Best Hedge Plants (Shrub & Tree Guide)

See our best hedge plants guide including suggested privacy shrubs & trees, low-maintenance and narrow plant options, and hedges to avoid.
House exterior with front lawn, hedge plants, pitched roof, porch, siding, and windows

Finding the best plants for a hedge may seem like a simple task, but after a few trial-and-error experiments, you might find that it can be tricky to find just the right kind of hedge plants for your space.

Whether you’re trying to reduce noise and increase privacy or just spruce up and frame your yard, it can still be quite a challenge. Hedges can serve tons of purposes, but getting them right takes some planning and careful consideration.

It’s easy to head down to the nearest home improvement store and pick up a handful of nice-looking plants labeled to be used as hedge plants, but there’s more to it than that.

Things to consider before jumping into a hedge project include your climate zone, soil type, irrigation capabilities, and even positioning for sunlight. Not to worry, though, because these things can be broken down simply into more easily understandable ideas.

Best Shrubs for Hedges

Ornamental garden, and paved walkway

Your selection isn’t limited to what you can find at a big box store; there are lots more options waiting to be discovered in local nurseries, landscaping businesses, and even tree farms, depending on where you live.

Try to picture what kind of hedge you would prefer, research a few species that can thrive in the conditions you have to offer, and narrow those options down to which style of hedge you would like to plant.

If you’d rather skip the tough decision-making process and head straight into getting some shrubs into the ground, then by all means, there are plants ideal for you.

Some of the most common hedge plants look fantastic in almost any setting and can help provide a nice barrier without having to consider different privacy fence ideas. Here are a few of the most common plants used to plant hedges:


Boxwood shrubs

These short but sweet little plants can be trimmed to nearly any shape with enough skill and finesse, and their ability to grow even in the soggiest of climates makes them ideal for particularly gloomy regions.

Heavily endowed with small yet vivid green leaves, boxwood can be planted for small to medium height hedges, and is incredibly easy to care for. These are a beginner’s best friend. 


juniper shrubs, and paved walkway

Prized for their endearing berries and gorgeous blue-green foliage, juniper is an evergreen with an amazing number of possibilities in the way of hedges. Super versatile and easy on the eyes, juniper can be shaped to provide more of a groundcover style or a more prominent border hedge.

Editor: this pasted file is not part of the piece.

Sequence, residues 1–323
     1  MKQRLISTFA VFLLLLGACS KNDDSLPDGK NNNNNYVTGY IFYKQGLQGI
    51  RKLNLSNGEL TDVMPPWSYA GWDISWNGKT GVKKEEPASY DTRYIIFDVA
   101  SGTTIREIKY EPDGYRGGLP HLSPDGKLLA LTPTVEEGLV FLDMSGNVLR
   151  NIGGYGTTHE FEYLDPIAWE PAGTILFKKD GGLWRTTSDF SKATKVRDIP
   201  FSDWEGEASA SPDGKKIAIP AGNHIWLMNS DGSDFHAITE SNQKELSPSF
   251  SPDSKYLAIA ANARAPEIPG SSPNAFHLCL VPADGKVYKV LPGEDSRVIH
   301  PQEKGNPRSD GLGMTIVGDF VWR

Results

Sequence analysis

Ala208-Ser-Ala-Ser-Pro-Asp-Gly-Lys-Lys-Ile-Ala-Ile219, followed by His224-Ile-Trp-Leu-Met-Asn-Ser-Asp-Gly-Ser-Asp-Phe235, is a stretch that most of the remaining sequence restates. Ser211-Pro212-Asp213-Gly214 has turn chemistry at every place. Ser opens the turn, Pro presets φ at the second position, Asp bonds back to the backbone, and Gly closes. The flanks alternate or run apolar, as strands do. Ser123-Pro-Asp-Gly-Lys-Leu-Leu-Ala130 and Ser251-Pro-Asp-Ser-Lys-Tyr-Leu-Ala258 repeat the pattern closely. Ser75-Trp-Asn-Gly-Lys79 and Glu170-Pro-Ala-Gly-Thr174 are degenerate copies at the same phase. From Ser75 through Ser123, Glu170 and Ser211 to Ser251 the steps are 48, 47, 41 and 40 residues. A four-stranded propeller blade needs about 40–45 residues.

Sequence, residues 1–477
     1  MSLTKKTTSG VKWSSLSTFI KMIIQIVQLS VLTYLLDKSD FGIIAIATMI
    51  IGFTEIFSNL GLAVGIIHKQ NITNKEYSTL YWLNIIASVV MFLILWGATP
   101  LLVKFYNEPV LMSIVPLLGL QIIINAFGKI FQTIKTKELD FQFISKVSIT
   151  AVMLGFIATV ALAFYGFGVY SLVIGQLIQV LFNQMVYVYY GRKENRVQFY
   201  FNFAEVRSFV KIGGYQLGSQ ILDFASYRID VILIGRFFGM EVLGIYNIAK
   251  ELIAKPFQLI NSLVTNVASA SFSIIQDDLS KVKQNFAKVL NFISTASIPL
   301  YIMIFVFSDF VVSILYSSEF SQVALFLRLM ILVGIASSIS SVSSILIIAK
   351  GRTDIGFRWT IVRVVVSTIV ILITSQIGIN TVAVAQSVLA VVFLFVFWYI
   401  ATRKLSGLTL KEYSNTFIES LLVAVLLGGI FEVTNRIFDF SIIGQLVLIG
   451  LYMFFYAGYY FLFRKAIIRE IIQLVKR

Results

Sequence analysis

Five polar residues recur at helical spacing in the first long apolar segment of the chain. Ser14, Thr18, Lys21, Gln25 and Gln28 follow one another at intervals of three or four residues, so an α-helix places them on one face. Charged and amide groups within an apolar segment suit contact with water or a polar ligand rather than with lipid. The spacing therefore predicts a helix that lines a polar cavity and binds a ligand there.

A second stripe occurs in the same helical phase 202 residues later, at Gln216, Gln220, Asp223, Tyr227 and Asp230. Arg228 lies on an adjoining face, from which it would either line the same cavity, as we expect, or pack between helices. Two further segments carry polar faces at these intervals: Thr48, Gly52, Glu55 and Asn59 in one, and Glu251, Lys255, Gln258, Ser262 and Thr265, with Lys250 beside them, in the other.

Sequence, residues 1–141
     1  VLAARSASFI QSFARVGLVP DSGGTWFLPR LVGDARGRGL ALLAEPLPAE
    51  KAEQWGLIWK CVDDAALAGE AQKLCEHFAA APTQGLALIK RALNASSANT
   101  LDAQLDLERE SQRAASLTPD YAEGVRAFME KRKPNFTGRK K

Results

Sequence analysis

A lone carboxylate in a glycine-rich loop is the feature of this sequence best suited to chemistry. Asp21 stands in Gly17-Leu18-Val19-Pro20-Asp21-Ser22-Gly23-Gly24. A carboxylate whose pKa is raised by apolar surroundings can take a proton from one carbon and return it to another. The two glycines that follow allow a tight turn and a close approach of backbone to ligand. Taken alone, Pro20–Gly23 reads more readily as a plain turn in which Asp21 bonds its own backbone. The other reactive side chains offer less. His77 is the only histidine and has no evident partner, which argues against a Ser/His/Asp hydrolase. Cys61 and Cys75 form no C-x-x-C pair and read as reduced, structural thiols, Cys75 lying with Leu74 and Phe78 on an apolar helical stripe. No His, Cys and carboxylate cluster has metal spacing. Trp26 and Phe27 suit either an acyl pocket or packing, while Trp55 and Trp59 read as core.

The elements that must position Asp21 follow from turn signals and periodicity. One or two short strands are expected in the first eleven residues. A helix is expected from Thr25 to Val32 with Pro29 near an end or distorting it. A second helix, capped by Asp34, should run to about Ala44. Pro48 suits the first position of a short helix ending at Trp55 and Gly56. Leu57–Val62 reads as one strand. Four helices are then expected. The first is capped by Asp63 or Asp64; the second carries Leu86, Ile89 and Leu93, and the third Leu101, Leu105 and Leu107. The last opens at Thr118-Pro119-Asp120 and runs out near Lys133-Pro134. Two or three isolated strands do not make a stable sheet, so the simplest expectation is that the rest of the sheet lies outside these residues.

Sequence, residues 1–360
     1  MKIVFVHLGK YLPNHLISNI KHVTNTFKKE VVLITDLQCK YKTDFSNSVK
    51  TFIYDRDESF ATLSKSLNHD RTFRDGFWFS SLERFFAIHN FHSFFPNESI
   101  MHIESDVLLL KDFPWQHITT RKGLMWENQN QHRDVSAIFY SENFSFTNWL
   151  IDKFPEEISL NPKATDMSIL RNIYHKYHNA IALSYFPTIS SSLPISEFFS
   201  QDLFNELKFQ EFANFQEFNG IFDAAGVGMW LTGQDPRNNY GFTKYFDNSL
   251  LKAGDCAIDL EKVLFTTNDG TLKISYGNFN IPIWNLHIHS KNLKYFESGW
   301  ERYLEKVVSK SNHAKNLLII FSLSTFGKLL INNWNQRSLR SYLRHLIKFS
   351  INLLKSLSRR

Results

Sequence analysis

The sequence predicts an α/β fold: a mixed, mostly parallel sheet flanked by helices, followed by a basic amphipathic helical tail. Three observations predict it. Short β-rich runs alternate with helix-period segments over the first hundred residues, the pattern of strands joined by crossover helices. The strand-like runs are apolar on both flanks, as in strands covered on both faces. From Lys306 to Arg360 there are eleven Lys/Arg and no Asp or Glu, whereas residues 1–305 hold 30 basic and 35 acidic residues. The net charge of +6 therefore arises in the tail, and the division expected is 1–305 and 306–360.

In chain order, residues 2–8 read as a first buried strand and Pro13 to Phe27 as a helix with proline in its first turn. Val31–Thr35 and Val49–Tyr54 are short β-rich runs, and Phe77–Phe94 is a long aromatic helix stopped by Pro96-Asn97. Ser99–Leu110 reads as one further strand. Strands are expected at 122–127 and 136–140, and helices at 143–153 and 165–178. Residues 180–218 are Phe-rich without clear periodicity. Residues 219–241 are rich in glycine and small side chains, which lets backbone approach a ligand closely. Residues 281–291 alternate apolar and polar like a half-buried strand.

This plant can withstand both chilling cold temperatures and the occasional summer drought, making it absolutely perfect for those with less time to spend on perfection.


Yew hedge

Versatile and evergreen, yew makes a fantastic hedge. Picture those photo-ready hedges that make up the bulk of fancy landscaping and yards in the upscale neighborhoods, and you can almost guarantee that you’ve seen these before.

Best planted for a medium-to-higher- hedge height, yew are thirsty plants, but can be cut back in larger volumes than most other hedge plants without sustaining lasting damage. 


Magnolia shrubs

Slightly more complex than most hedge plants, magnolias are almost always an eye-catching showpiece full of bright white flowers against dark, luscious green foliage. The allure doesn’t stop there, though; these flowers smell absolutely intoxicating.

Although these plants do require some effort to maintain, the extra try is worth it. Magnolia are best suited to rose-growers and experienced gardeners. 

Best Trees For Hedges

Outdoor landscaped area with various trees

If you’re looking for a little more privacy, then a taller hedge is the way to go. Despite taller hedges being a bit more work and pricier in general, their benefits outweigh these minor setbacks.

One major upside to tall hedges is that you can start them at nearly any stage; plants for taller hedges available for purchase range from seedlings to fully-grown and ready to provide ample privacy.

For anyone tired of road noise and nosy neighbors, this is the best option for a hedge. Plants in this height range can be either bushy and insulating or more open and flowering. Either way, the perfect species for you is out there. Here are a few recommendations for those with taller expectations: